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University Catalog

Petroleum Engineering (PETE)

1000 Level | 2000 Level | 3000 Level | 4000 Level | 5000 Level

USP Codes are listed in brackets by the 2003 USP code followed by the 2015 USP code (i.e. [QB<>Q]).

JumpLink1060. Introduction to Petroleum Engineering Problem Solving. 1. Covers elements of Petroleum Engineering calculations associated with typical computations in Drilling, Production, and Reservoir Engineering, Rock and Fluids properties, to simultaneously train the student on basic computing skills as well as basic language of Petroleum Engineering. The preferred computing tool is Matlab, which will be introduced through simple calculations on the computer. Notions of the petroleum engineering curriculum will also be provided through examples of the different subjects. Prerequisite: Math placement 5 or concurrent enrollment in MATH 2200.

JumpLink2050 [3000]. Fundamentals of Petroleum Engineering. 3. General introduction to petroleum engineering, including petroleum geology, exploration, reservoir rocks, and fluid flow through porous media, drilling fundamentals, completion technology, well logging and testing, methods of production, stimulation methods, enhanced oil recovery, reserves and economics. Prerequisites: grade of C or better in MATH 2205 and PETE 1060.

2060. Introduction to Petroleum Engineering Computing. 3. Introduces Petroleum Engineering problems and principles, develops computational skills needed to solve them, and reinforces a computational tool that will be useful for other Petroleum Engineering classes. Prerequisites: C or better in PETE 1060, and either a D or better in MATH 2310 or concurrent enrollment in MATH 2310.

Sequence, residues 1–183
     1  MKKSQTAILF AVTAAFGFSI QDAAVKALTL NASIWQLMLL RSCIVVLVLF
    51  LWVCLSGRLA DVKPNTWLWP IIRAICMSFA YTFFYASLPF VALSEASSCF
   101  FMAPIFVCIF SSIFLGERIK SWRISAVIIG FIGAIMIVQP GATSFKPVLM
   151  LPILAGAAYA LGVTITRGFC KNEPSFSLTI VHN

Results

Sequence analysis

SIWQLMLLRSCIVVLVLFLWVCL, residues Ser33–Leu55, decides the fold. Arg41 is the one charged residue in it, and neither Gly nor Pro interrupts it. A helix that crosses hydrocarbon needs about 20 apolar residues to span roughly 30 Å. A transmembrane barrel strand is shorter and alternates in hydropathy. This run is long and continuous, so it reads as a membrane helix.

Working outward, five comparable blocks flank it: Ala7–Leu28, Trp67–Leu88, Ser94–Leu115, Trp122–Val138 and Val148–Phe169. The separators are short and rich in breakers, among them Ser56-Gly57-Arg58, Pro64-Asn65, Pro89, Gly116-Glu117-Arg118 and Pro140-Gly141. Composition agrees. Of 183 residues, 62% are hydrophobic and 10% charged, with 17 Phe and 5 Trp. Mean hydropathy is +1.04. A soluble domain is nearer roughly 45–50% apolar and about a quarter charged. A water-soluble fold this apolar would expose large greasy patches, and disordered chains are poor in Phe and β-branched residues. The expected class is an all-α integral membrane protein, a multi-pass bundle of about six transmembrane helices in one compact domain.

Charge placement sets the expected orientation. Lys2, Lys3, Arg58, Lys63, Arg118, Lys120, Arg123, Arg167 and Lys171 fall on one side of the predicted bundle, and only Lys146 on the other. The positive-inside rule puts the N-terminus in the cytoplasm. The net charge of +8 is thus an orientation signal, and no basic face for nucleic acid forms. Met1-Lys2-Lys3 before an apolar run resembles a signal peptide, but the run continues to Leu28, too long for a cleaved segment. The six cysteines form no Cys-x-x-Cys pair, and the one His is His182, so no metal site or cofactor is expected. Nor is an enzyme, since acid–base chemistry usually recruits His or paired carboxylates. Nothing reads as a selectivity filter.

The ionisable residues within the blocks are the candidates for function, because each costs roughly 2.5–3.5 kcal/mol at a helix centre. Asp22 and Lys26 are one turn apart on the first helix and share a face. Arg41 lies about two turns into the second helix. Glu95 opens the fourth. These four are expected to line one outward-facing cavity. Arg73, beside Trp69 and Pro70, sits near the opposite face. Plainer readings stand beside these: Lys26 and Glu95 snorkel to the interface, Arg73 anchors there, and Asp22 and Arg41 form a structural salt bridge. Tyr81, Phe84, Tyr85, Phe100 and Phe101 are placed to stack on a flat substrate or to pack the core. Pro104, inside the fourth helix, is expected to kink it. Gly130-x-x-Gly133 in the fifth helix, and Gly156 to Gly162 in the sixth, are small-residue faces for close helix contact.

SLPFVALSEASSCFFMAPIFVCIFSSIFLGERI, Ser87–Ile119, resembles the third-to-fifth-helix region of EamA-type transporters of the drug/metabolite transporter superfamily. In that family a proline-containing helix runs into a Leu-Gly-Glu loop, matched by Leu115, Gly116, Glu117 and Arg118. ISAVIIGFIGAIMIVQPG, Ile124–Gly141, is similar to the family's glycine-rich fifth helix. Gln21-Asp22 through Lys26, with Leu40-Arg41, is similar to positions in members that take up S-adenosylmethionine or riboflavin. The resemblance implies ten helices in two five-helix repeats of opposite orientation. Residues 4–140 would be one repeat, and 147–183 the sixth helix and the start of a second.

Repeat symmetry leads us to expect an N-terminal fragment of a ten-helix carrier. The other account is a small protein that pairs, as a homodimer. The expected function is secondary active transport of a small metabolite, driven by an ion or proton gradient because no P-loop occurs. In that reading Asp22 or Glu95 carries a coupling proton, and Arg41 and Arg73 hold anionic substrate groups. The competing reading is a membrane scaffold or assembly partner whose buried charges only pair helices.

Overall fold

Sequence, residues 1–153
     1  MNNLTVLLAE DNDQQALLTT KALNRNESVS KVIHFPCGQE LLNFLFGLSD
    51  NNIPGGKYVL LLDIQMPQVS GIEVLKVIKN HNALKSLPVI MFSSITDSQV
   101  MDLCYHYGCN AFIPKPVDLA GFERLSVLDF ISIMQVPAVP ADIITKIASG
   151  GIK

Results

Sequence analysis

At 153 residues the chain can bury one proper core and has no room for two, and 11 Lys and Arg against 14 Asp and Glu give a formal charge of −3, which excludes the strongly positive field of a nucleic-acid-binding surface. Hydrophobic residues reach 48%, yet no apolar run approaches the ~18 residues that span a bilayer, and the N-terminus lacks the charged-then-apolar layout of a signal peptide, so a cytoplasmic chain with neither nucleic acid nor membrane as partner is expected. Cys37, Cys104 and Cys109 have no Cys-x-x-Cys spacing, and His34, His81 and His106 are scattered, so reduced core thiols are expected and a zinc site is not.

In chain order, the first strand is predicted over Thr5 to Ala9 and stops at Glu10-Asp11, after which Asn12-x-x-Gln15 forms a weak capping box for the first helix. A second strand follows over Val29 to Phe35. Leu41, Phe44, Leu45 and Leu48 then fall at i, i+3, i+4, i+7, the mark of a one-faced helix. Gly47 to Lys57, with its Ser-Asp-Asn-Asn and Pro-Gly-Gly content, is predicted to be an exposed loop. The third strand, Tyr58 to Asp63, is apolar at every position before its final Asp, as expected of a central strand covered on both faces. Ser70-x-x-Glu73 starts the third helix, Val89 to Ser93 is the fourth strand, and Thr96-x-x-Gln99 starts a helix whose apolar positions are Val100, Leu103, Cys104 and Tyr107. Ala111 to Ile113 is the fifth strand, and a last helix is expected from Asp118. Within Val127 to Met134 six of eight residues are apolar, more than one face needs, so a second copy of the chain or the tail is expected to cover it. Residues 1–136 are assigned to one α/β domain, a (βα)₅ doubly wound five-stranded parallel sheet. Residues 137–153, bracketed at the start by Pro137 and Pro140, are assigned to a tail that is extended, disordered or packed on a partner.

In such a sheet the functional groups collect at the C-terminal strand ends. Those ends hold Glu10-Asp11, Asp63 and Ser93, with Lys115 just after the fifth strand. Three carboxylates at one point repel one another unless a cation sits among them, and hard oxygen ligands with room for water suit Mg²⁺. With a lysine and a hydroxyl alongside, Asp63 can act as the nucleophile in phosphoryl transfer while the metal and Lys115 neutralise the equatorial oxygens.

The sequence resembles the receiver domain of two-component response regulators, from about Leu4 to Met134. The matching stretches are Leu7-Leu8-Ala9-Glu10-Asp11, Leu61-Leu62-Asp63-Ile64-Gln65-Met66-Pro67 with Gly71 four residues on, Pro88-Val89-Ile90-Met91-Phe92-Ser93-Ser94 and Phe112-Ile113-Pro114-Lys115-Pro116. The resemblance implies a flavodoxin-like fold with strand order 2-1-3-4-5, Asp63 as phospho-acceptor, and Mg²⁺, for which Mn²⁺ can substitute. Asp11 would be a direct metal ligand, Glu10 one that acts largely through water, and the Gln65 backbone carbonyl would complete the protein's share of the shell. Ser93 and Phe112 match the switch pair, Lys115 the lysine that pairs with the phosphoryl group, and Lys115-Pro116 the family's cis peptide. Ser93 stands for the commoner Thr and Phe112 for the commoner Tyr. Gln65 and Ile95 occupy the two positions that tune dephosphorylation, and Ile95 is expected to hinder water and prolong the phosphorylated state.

JumpLink3015. Multicomponent Thermodynamics. 3. Introduces mixture properties, such as chemical potentials, excess properties, partial molar properties, heats of mixing, fugacities, and practical tools for estimating them from solution theories and equations of state. These tools and concepts are applied to phase and chemical equilibria. Prerequisite: C or better in ES 2310 and concurrent enrollment in PETE 2060. Students must be a Petroleum Engineering major. (Normally offered fall semester)

3025. Heat and Mass Transfer. 3. Introduces energy and mass transfer concepts and the development of mathematical models of physical phenomena, including convection, conduction, radiation, and mass diffusion and convection. Prerequisites: C or better in ES 2330 and MATH 2310. Student must be a Petroleum Engineering major.

3030. Unit Operations. 3. Applies transport and equilibrium concepts and models to the analysis and design of unit operations, such as distillation, absorption, extraction, crystallization, membrane, and heat exchange processes. Prerequisites: PETE 2005, 3015, and 3025.

3100. Rock and Fluids Lab. 2. Provides understanding of principles of rock and fluid properties and their measurement as part of conventional and special core analysis, as well as PVT characteristics of reservoir fluids. Students are expected to understand how to measure important rock and fluid properties using laboratory equipment, as part of reservoir characterization routines, formation damage evaluations and well log calibration protocols. Students are also expected to learn how to write succinct and organized reports. Prerequisite: C or better in PETE 2050. Students must be a Petroleum Engineering major.

3200 [4010]. Reservoir Engineering. 3. Covers rock and fluid properties, reserve estimation using volumetric and material balance methods, discussion of different reservoir drive mechanisms, aquifer models, Darcy’s law and single-phase flow through porous media, introduction to well testing, solution of radial diffusivity equation, immiscible displacement, decline rate analysis, and reservoir simulation. Prerequisites: PETE 3025, C or better in PETE 2050. Student must be a Petroleum Engineering major. (Normally offered spring semester)